The Shiralee (1987 film)
|Directed by||George Ogilvie|
|Produced by||Bruce Moir|
|Written by||Tony Morphett|
|Based on||novel by D'Arcy Niland|
|Distributed by||Channel Seven|
|November 1987 (UK)
26 June 1988 (Australian TV)
It was originally filmed as a mini series and was shot in Adelaide and Quorn, South Australia.
The plot revolves around an itinerant rural worker and fighter named Macauley —sometimes described as a “swagman” or “swaggie” who unexpectedly finds himself taking responsibility for his child. The film contrasts the harshness of Australian masculinity with a parent-child relationship.
On one of his infrequent visits to his wife Marge in Adelaide, itinerant bushman Jim Macauley (Bryan Brown) finds her living with another man, Donny. He beats Donny up, grabs his five-year-old daughter Buster (Rebecca Smart), and returns to the road. They walk from job to job in rural South Australia, camping beside riverbanks, until Buster becomes sick with fever. Desperate for help, Macauley takes her to a station where he’s not welcome, run by a grazier named Parker. Macauley learns that years earlier, he made Parker’s daughter Lily (Noni Hazelhurst) pregnant. She lost the baby and almost died.
Macauley takes Buster to the next town, where he’s welcomed by old friends Bella and Luke Sweeney. He tries to get the child to stay with the kindly Bella, but she refuses. In Quorn, Marge tracks them down and tries unsuccessfully to take back Buster. In another town, while Macauley is courting a pretty girl, Buster is hit by a car. As she battles for her life in hospital, Macauley must dash to Adelaide to oppose his wife’s court bid for custody of the child. He beats the case by threatening to expose his ex's relationship with Donny; Donny forces Marge to choose between him or the child, who it emerges she never had any intention of caring for. She was seeking custody only to spite Macauley.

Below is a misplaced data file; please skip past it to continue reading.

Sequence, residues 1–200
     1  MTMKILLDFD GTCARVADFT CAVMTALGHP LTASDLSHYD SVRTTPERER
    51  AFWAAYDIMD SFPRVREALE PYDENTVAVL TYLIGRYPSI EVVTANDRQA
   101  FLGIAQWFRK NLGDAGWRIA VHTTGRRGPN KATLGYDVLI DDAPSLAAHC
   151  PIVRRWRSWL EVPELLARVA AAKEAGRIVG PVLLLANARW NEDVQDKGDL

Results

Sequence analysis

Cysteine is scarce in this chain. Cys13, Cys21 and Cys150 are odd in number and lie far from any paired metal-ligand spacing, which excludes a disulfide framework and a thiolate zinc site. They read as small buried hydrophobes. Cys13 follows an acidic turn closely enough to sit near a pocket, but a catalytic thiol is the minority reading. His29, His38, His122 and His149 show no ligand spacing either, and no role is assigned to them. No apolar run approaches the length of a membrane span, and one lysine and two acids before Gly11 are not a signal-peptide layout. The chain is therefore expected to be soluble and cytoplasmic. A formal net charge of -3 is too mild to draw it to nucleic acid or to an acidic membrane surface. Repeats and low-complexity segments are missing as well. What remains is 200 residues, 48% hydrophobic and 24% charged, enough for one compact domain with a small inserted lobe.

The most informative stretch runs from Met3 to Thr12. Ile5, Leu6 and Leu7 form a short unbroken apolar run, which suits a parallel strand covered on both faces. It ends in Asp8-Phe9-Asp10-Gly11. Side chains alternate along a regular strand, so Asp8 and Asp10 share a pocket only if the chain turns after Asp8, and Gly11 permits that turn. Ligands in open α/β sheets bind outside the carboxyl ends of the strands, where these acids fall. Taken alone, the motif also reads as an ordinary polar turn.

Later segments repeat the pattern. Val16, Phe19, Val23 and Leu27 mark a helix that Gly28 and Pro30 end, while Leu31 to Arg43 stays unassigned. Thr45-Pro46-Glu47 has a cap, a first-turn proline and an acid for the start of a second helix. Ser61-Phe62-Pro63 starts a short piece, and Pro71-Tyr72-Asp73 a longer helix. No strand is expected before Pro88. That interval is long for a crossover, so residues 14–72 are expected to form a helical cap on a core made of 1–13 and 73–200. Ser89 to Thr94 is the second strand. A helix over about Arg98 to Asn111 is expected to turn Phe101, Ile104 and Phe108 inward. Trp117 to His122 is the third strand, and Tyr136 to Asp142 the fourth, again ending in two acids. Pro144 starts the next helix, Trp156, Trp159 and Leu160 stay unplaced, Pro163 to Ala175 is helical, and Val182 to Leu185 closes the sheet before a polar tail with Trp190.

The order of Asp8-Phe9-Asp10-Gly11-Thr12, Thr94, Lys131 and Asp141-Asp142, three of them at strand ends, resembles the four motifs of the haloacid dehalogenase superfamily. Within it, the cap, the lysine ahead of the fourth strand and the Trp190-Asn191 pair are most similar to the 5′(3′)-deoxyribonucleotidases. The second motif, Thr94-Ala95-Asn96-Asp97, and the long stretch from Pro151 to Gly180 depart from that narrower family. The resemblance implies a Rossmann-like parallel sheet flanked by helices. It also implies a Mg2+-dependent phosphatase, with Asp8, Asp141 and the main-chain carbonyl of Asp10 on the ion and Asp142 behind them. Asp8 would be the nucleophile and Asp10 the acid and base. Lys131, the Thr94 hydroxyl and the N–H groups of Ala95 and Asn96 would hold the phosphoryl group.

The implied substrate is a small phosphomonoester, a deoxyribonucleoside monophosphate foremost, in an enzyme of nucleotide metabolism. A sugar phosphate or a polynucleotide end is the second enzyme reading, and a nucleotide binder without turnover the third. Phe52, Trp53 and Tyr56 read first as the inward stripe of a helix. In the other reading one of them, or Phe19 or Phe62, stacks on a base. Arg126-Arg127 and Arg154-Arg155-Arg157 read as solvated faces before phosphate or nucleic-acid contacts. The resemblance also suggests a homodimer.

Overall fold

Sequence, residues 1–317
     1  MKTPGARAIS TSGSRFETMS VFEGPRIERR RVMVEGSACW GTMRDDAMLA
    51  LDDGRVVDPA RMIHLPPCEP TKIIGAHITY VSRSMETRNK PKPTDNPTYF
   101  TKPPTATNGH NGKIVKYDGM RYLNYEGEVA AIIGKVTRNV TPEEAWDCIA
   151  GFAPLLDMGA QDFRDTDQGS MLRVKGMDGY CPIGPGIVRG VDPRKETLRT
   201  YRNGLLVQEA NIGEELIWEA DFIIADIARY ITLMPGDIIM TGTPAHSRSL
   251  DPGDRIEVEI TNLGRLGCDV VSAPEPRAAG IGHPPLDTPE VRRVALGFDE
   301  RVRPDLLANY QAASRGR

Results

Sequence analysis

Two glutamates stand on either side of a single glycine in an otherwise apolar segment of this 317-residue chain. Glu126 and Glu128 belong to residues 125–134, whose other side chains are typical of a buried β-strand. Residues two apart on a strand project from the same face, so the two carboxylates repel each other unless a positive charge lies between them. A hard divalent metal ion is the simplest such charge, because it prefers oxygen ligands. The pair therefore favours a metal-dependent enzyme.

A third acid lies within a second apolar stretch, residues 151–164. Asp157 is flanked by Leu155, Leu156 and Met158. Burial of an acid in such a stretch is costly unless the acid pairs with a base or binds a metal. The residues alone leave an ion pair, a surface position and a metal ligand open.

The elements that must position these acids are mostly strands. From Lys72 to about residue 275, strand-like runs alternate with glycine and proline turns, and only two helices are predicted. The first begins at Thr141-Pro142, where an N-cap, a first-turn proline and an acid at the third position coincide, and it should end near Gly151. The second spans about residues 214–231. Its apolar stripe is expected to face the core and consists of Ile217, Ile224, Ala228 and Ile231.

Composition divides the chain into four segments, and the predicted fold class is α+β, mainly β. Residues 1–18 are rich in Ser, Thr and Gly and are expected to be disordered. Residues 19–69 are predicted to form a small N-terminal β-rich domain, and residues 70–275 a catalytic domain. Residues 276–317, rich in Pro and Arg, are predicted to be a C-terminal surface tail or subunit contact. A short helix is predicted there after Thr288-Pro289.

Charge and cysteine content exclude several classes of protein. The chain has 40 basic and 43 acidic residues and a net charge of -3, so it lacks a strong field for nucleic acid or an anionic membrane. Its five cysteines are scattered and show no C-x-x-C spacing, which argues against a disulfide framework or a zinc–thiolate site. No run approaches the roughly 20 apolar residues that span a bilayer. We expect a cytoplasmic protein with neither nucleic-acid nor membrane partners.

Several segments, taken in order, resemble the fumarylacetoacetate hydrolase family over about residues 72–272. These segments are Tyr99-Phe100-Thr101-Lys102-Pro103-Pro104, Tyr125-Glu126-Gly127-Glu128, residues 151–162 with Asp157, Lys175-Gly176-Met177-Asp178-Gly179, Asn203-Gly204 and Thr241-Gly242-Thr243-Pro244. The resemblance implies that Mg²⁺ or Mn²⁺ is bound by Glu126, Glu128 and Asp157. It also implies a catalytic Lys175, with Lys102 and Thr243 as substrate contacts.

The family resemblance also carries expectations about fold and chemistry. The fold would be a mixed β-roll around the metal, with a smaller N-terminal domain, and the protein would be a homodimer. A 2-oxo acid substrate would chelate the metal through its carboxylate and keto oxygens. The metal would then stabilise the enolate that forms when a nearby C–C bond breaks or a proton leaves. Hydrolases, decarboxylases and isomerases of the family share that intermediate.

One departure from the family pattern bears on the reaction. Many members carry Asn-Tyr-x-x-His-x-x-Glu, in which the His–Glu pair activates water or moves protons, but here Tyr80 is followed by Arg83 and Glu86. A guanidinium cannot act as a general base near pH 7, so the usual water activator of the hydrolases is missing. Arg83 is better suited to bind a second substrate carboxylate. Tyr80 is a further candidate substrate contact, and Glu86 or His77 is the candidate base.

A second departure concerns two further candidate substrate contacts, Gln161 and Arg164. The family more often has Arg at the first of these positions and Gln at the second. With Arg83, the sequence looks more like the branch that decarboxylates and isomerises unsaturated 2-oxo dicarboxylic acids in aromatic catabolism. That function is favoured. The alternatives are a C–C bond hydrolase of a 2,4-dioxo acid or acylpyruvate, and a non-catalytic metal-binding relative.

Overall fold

Mac returns to the hospital by train, arriving shortly before Buster opens her eyes in hospital. The film ends there, but there is an implication that he may reconcile with Lily, who also loves Buster and still has feelings for Mac.
The mini series rated 40 points and was the most popular Australian show of the year.
- "Australian Productions Top $175 million", Cinema Papers, March 1986 p64
- Ed. Scott Murray, Australia on the Small Screen 1970-1995, Oxford Uni Press, 1996 p234
- Robin Oliver, "The Guide THE RESTLESS YEAR", Sydney Morning Herald, 5 December 1988 p 1